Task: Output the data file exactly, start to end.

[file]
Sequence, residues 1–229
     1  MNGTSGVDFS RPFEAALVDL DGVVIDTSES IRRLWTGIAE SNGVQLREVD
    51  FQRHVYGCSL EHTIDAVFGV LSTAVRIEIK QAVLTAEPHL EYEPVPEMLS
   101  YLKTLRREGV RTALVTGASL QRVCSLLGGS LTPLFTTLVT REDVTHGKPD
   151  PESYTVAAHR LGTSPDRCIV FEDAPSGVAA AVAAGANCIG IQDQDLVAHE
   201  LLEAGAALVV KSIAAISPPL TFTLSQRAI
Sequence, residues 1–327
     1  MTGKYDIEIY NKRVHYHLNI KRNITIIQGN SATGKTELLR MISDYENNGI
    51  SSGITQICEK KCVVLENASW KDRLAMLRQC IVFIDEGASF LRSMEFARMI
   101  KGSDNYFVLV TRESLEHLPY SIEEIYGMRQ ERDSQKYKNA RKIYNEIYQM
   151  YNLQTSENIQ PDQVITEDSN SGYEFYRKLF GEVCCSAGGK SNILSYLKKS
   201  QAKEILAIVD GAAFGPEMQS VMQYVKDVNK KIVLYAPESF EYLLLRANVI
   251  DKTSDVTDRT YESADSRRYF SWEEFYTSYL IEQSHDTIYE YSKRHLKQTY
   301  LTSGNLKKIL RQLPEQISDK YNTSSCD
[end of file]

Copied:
Sequence, residues 1–229
     1  MNGTSGVDFS RPFEAALVDL DGVVIDTSES IRRLWTGIAE SNGVQLREVD
    51  FQRHVYGCSL EHTIDAVFGV LSTAVRIEIK QAVLTAEPHL EYEPVPEMLS
   101  YLKTLRREGV RTALVTGASL QRVCSLLGGS LTPLFTTLVT REDVTHGKPD
   151  PESYTVAAHR LGTSPDRCIV FEDAPSGVAA AVAAGANCIG IQDQDLVAHE
   201  LLEAGAALVV KSIAAISPPL TFTLSQRAI
Sequence, residues 1–327
     1  MTGKYDIEIY NKRVHYHLNI KRNITIIQGN SATGKTELLR MISDYENNGI
    51  SSGITQICEK KCVVLENASW KDRLAMLRQC IVFIDEGASF LRSMEFARMI
   101  KGSDNYFVLV TRESLEHLPY SIEEIYGMRQ ERDSQKYKNA RKIYNEIYQM
   151  YNLQTSENIQ PDQVITEDSN SGYEFYRKLF GEVCCSAGGK SNILSYLKKS
   201  QAKEILAIVD GAAFGPEMQS VMQYVKDVNK KIVLYAPESF EYLLLRANVI
   251  DKTSDVTDRT YESADSRRYF SWEEFYTSYL IEQSHDTIYE YSKRHLKQTY
   301  LTSGNLKKIL RQLPEQISDK YNTSSCD